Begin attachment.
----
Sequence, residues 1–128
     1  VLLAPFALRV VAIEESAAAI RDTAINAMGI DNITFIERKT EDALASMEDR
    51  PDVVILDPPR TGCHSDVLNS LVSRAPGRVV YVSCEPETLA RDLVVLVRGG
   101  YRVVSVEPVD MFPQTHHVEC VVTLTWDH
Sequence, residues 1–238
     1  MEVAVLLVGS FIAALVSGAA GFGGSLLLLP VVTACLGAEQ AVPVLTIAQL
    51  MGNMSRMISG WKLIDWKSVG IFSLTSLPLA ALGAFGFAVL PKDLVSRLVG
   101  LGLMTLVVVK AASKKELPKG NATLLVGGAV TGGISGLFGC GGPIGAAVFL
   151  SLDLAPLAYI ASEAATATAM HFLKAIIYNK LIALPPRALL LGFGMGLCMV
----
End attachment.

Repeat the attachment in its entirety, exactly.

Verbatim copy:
Sequence, residues 1–128
     1  VLLAPFALRV VAIEESAAAI RDTAINAMGI DNITFIERKT EDALASMEDR
    51  PDVVILDPPR TGCHSDVLNS LVSRAPGRVV YVSCEPETLA RDLVVLVRGG
   101  YRVVSVEPVD MFPQTHHVEC VVTLTWDH
Sequence, residues 1–238
     1  MEVAVLLVGS FIAALVSGAA GFGGSLLLLP VVTACLGAEQ AVPVLTIAQL
    51  MGNMSRMISG WKLIDWKSVG IFSLTSLPLA ALGAFGFAVL PKDLVSRLVG
   101  LGLMTLVVVK AASKKELPKG NATLLVGGAV TGGISGLFGC GGPIGAAVFL
   151  SLDLAPLAYI ASEAATATAM HFLKAIIYNK LIALPPRALL LGFGMGLCMV